Occasionally, I browse through the obituaries. That might sound a bit ghoulish, but really I enjoy reading the mini-biographies there. I'm drawn more to the twists and turns in peoples' lives than successes.
On Monday, the Times reported that Helen Levitt, a New York photographer, passed away at age 95. The bulk of her work included candid photography of street life and children, in New York.
Levitt was one of the first noted photographers to use color extensively. She associated with Walker Evans and Henri Cartier-Bresson. She had her first show at MoMA at age 30, yet is scarcely known by most people.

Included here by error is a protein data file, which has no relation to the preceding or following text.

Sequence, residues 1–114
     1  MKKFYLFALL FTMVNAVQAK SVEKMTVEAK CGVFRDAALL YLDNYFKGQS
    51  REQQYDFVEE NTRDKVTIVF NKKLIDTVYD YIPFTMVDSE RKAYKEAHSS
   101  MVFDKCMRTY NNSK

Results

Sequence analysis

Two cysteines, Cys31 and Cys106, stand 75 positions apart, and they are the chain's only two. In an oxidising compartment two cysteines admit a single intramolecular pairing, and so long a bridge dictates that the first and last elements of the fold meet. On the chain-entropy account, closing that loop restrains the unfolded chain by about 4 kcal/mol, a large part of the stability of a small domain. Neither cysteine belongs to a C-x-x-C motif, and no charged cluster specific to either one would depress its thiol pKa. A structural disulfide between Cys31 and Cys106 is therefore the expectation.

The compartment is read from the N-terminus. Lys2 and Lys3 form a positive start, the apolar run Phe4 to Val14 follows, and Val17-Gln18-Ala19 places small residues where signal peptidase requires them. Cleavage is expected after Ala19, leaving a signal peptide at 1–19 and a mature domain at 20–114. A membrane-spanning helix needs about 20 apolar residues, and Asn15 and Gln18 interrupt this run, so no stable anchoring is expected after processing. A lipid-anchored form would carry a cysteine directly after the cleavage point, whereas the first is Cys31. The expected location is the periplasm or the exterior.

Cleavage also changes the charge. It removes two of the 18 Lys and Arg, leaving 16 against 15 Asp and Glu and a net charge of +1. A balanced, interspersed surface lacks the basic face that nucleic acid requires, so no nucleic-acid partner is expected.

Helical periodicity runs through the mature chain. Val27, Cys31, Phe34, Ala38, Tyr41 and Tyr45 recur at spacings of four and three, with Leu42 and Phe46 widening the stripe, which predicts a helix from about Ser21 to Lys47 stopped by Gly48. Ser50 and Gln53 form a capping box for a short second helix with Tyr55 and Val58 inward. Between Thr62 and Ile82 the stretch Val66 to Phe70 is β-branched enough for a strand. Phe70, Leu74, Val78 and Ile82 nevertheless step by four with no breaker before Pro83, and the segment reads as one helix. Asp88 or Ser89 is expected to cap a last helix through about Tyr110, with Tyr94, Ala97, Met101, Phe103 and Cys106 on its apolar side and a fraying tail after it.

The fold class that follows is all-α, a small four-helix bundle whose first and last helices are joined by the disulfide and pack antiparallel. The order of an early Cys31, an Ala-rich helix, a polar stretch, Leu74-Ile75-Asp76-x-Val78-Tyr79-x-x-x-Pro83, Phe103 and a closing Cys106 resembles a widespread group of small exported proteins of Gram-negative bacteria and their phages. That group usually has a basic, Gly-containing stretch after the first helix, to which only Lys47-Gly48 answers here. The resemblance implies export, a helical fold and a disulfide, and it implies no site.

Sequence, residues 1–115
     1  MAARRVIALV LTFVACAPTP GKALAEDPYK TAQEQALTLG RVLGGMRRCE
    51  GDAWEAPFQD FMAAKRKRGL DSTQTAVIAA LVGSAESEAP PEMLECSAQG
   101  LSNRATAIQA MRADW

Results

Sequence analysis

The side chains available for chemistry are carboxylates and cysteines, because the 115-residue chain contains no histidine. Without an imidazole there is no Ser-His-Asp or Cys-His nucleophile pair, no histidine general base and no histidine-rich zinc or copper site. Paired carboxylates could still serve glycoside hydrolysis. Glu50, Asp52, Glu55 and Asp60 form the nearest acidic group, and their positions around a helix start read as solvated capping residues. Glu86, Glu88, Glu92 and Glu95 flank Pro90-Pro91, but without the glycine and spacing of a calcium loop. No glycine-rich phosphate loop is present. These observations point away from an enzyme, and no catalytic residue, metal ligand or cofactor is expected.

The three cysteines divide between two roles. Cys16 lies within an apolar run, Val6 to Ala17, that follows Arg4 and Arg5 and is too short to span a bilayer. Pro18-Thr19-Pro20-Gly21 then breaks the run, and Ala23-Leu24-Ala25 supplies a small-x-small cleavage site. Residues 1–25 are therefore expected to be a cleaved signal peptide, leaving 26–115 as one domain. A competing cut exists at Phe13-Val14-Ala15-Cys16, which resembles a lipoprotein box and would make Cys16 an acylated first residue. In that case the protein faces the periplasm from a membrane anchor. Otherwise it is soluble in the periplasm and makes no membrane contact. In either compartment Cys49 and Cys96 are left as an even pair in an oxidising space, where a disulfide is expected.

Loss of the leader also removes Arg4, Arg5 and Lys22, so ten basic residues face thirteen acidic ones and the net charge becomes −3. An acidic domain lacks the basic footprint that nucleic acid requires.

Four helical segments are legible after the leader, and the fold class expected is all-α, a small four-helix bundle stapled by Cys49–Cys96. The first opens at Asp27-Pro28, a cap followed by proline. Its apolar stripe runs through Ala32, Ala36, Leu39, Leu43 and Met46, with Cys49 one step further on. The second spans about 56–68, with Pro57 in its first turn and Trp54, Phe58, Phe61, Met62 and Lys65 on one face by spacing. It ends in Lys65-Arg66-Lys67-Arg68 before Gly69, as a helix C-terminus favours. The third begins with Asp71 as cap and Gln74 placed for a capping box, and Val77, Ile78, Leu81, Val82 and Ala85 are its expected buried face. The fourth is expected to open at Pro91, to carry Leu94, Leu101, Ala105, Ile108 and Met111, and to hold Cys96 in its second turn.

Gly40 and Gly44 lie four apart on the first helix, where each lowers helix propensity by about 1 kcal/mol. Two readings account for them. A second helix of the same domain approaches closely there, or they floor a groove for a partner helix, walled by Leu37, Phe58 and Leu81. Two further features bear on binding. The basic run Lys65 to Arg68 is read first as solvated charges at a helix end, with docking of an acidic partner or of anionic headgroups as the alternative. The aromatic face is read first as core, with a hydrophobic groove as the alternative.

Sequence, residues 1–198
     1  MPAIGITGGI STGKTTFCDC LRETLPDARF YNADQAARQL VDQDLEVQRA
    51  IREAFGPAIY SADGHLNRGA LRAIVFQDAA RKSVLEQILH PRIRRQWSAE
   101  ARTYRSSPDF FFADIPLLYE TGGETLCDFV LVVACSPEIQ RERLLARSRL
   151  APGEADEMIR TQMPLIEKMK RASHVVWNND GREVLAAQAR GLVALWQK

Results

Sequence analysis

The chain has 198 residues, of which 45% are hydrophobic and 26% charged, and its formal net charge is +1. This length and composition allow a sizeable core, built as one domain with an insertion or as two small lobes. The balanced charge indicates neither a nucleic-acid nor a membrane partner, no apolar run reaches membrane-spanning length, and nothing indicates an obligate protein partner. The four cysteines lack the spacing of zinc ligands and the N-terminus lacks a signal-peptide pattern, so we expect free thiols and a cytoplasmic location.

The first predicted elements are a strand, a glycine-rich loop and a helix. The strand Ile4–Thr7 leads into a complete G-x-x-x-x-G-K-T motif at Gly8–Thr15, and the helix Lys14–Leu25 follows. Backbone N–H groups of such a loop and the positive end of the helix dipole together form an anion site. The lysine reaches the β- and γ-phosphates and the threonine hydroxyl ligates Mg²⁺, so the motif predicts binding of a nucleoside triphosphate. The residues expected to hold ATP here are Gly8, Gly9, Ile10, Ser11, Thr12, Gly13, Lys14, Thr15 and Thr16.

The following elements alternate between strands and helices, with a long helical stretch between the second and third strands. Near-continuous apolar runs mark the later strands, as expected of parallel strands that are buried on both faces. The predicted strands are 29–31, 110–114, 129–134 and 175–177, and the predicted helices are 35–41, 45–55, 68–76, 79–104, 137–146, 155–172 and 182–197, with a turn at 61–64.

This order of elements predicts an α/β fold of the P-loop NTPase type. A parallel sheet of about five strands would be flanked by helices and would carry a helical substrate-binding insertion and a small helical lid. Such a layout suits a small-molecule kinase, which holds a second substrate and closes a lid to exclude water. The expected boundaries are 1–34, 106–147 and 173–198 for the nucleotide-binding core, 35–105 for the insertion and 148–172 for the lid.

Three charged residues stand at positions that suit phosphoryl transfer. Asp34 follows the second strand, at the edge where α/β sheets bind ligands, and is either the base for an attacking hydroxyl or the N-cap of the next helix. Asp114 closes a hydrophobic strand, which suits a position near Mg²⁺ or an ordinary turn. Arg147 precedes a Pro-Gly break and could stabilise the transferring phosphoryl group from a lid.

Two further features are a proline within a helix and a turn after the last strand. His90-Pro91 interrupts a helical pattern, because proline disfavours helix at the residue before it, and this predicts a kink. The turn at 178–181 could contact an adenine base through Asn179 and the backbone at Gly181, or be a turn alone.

It's incredible to see the city streets in her images, taken in the 1930's and 1940's. Children of different races are shown playing on the asphalt together.
Helen Levitt died in her sleep this weekend, at her apartment in Greenwich Village.
Click here for Levitt's interview on NPR.
Click here for the Times obituary.
Click here for some of her photos.
Related posts: Taking a Glance at Columbus Circle, Decisions, Decisions and For the People.